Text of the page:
Larry’s photograph of a papermaker preparing pulp and starch mulch exudes atmosphere. The paper will be used in monasteries for manuscripts and written prayers. The positioning of the papermaker behind the paper, creating a diffused silhouette, adds to the mystery and a sense of reverence that supports the paper’s final use. This intentional decision and just the peek of working hands above and below paper give a unique take on photographing craftspeople in foreign countries.

 

Victoria Berekmeri

9th: Accidental Home Birth – Victoria Berekmeri

This birthing capture has an immediate impact as a babies head emerges amongst celebratory streamers of fluid. The mother’s grandmother becomes midwife on the spot and begins delivering the baby with attentiveness as the fluids trickle down her arm and over her wedding band. The baby is yet to even take its first breath! The colouration before first breath apparent from one frame to the next as the baby takes on a light tone of amethyst in the skin. The scene is shot very cleanly, suggesting that bounced flash may have been used expertly to lighten the room and help capture crisp details.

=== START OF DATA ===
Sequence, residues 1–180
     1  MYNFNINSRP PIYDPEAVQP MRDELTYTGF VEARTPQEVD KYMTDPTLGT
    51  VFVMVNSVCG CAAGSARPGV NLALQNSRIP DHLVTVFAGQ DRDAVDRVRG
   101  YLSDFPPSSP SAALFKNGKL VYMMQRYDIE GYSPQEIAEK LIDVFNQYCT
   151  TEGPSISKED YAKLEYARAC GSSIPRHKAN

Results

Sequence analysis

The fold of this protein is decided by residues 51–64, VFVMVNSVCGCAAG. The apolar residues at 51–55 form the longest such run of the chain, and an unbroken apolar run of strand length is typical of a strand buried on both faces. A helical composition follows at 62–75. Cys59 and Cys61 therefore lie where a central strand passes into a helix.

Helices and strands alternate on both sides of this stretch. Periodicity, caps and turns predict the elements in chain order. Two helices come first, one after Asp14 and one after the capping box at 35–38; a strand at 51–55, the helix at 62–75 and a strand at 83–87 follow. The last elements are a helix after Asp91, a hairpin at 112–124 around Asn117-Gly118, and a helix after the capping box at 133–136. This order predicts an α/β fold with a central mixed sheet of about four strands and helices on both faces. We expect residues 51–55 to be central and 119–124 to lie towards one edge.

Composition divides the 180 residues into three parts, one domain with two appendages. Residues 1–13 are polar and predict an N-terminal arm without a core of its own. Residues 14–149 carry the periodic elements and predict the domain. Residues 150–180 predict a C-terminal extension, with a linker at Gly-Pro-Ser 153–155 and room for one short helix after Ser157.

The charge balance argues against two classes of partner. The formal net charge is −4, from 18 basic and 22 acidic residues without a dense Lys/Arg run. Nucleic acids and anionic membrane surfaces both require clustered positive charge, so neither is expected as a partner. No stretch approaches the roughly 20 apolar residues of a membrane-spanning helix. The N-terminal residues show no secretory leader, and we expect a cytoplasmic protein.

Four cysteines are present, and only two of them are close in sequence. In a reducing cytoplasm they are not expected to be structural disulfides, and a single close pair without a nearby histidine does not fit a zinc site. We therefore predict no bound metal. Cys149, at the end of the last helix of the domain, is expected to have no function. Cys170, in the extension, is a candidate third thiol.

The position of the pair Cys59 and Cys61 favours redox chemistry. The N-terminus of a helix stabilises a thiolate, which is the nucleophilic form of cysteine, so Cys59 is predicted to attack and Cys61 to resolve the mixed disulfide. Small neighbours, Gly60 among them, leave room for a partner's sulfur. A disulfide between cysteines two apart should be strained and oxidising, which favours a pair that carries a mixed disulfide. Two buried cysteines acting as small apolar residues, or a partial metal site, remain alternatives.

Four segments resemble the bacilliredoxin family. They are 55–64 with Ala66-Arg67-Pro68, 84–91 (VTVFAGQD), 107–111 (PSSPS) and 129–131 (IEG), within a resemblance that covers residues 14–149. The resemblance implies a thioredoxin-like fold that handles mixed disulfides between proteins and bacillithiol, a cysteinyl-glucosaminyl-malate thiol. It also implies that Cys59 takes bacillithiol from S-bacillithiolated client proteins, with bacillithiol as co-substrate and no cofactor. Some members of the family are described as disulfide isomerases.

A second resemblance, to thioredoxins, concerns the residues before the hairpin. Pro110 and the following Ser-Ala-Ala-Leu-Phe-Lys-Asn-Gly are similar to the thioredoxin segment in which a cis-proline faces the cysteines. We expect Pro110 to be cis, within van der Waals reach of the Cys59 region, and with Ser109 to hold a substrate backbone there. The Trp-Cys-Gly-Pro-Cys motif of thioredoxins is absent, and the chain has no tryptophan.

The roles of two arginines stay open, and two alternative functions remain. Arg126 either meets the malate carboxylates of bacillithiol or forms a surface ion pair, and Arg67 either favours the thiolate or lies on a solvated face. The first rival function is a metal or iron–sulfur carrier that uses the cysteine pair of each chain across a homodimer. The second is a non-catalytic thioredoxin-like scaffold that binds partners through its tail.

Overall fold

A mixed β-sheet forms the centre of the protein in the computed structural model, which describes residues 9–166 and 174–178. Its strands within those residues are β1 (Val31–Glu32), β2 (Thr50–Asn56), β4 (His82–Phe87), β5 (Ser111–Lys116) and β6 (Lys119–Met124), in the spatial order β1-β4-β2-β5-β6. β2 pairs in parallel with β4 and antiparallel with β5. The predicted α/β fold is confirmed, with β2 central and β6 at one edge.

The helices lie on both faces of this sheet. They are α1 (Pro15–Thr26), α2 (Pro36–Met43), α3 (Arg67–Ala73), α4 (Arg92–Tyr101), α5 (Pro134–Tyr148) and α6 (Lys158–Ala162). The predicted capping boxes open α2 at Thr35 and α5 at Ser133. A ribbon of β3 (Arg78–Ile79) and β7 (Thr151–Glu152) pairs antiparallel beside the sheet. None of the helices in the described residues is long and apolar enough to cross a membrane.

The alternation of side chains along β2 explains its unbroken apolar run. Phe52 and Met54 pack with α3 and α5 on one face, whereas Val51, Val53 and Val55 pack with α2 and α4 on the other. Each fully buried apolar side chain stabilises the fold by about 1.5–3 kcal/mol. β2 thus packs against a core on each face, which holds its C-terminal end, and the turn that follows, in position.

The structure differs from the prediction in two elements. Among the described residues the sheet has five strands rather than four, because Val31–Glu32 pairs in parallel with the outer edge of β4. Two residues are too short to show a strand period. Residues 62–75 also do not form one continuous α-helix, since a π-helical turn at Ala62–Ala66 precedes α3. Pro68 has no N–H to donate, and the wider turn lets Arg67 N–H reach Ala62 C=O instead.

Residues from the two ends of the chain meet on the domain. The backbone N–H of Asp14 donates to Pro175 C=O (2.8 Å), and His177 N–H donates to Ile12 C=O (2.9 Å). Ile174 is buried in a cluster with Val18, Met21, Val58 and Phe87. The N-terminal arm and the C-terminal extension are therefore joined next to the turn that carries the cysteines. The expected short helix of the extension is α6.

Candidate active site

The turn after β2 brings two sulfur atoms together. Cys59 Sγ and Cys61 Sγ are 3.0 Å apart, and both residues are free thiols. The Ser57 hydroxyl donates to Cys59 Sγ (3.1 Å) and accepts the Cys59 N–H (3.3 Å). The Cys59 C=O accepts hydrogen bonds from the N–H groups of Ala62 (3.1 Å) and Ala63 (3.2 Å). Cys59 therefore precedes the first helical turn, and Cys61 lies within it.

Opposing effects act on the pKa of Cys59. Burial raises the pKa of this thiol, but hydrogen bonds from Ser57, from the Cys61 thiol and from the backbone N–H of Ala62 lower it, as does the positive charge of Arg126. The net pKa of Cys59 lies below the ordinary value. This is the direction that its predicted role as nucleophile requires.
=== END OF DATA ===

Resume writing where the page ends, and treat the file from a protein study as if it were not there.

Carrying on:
Victoria Reid

10th: Muscles Like Dad – Victoria Reid

This tender documentary photograph by Victoria has a warmness and gentleness to it. Even though the dad’s face isn’t visible, the pose and profile offer a sense of connection with the son. The photograph explores the influence fathers have on their sons and their sense of identity. The lighting on the son is beautiful, especially in a challenging domestic setting, and leads the viewer’s eye exactly where it’s intended to be within the frame. The son has some small bruises and scrapes that give some insight into the boy’s sense of play and yet his vulnerability. Victoria has done well to be anonymous in the scene as the father and son are so completely raw and comfortable.

 

Thank you for joining me as I discuss our Australian Photography Awards Documentary Top 10. I think you’ll agree that there are some incredible photographs both inside and outside the top 10 and your entries and support of the competition this year has been amazing.